Tips for advocating to legislators and legislative staff.
We are excited to have you involved and appreciate your support in advocating to Congress on our issues! Below, please find some quick and helpful tips to guide you through your visits.
ACCURACY: Before you go to your legislative appointment, take some time to think about why you care about the issues. Speak from your own experience and if you are asked a question answer to the best of your ability—it’s okay to say, “I don’t know, but let me find out.” UUSC staff can help you after your visit and work with you to follow up or do so on your behalf.
BREVITY: Appointments typically last 15-30 minutes. Members and legislative staff appreciate it when messages and requests are simple and straightforward. Work with your delegation to prepare your main message and request, and make sure everyone who wants to speak has time to share.
COURTESY: Don’t forget to thank the member and their staff for their time and attention.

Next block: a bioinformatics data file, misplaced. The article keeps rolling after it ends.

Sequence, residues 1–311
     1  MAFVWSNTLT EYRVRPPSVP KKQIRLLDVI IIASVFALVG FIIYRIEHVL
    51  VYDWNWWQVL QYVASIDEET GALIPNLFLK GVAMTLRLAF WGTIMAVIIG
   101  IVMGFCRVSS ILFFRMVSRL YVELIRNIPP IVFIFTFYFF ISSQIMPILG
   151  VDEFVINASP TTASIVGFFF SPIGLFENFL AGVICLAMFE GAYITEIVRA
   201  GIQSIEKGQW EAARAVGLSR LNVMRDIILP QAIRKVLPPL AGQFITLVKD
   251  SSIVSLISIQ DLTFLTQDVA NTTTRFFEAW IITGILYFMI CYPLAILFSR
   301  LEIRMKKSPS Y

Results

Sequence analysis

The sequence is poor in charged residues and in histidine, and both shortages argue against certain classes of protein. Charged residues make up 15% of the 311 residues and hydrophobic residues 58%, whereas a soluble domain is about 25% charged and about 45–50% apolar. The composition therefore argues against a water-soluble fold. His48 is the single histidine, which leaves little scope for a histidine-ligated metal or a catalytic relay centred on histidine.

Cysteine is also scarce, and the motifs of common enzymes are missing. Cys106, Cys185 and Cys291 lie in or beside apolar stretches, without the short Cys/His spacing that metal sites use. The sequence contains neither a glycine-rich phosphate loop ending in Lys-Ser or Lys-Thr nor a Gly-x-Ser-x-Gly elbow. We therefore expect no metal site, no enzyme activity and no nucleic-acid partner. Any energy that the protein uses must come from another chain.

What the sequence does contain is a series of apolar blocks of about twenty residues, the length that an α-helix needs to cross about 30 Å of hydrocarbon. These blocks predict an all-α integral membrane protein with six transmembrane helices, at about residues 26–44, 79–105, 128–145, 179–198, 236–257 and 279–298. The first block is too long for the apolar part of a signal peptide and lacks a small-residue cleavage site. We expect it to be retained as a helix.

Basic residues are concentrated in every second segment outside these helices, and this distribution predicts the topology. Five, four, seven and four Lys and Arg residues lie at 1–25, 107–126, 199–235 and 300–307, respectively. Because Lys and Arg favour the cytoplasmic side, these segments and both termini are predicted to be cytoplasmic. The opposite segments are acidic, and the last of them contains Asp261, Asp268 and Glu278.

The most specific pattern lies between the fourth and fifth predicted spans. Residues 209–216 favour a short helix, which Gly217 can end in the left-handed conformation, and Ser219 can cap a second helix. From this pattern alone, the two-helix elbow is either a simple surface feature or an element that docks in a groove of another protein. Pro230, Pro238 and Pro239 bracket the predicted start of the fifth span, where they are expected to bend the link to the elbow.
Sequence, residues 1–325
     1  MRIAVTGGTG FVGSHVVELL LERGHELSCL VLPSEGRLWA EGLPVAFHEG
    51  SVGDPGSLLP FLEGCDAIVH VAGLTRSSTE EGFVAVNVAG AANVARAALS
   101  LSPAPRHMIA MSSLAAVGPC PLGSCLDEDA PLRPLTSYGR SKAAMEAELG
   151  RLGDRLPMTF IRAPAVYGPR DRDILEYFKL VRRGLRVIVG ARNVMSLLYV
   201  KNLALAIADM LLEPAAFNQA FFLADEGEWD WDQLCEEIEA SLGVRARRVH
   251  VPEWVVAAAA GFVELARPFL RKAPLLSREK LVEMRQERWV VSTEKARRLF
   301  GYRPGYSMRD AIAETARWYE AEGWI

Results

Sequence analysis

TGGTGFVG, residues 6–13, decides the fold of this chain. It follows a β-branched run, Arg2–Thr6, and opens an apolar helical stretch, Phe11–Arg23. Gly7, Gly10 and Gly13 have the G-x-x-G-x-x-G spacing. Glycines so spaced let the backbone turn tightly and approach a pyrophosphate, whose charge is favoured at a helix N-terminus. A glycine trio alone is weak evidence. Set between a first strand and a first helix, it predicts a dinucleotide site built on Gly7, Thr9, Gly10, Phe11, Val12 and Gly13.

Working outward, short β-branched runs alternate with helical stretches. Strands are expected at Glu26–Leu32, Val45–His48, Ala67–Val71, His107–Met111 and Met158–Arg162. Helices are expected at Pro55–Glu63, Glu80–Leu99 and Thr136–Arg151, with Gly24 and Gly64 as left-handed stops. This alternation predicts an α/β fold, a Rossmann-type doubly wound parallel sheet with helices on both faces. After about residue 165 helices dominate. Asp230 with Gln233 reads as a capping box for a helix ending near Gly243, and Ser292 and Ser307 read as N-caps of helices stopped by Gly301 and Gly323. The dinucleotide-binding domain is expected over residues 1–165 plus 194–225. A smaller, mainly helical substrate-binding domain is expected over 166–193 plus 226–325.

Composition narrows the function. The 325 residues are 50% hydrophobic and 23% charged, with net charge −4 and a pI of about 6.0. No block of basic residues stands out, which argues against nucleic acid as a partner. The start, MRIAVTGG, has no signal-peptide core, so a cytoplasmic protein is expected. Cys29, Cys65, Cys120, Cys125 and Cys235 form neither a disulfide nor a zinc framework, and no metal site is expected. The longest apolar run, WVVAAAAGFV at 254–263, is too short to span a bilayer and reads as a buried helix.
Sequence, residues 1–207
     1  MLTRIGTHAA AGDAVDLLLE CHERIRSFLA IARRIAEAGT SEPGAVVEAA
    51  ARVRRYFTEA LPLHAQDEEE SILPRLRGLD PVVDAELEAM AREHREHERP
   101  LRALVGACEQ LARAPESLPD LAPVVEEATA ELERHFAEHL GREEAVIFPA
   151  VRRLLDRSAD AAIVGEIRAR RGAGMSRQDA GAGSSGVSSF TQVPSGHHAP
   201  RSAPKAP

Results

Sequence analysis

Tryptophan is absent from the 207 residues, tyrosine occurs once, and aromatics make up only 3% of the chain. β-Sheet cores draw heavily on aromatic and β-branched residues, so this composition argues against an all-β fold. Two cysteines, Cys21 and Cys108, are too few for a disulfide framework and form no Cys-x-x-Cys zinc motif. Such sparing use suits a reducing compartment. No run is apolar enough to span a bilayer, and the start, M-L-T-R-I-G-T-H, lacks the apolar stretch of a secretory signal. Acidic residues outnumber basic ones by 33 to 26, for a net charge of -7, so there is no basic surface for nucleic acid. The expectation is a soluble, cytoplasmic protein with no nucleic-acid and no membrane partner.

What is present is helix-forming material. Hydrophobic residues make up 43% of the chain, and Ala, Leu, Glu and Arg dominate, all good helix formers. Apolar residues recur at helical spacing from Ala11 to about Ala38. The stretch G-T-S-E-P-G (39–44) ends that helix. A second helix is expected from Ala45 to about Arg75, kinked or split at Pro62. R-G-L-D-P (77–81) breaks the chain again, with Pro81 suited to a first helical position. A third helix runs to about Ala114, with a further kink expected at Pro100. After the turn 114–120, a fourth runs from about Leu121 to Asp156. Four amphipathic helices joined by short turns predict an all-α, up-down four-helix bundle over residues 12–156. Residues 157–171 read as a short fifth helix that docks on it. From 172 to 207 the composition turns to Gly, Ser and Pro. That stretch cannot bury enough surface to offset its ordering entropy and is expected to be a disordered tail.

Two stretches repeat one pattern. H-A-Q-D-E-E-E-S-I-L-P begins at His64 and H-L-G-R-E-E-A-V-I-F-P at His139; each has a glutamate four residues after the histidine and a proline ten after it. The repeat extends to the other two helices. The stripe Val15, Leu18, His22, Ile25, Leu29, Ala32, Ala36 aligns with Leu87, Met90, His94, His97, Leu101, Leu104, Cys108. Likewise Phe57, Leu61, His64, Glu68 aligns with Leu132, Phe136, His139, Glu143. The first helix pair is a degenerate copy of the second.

DOs & DON’Ts: Here is a handy list of tips and things to keep in mind for when lobbying legislative offices.
Be professional, transparent, and genuine.
Remember that the U.S. Congress keeps a conservative dress code, and many staff will be in business or business casual clothing.
Try to anticipate if they agree or disagree with your position and plan your response.
Silence electronic devices
Be a good listener.
Relax! Members of Congress and their staff are regular people too.
Be patient and flexible. Staff and members may run late or change schedule on short notice.
Make the issue relevant and personal to the staffer or legislator by using your own story and passion.
Connect the larger issue back to the needs of your state and district.
Send a thank you note and work with UUSC staff on any specific follow up promised.
Feel like you have to know everything. Saying “I don’t know” is okay!
Intentionally mislead. Make sure to speak honestly about what you believe.
Forget to do your homework.
Shy away from talking about your values as a UU and UUSC supporter.
Monopolize the conversation. Make sure everyone has a chance to speak and share information.
Forget to explicitly make the “ask.” Use a direct question like, “Can we count on you to support X bill?”
Mention their campaign or donations—focus on the issues at hand.
Forget to thank them for their time, and when possible, their past support of our issues.
Let this be the last time you interact—continue to build on this relationship!
Download a PDF version of “ABCDs of Lobbying: A quick primer on how to lobby Congress in person.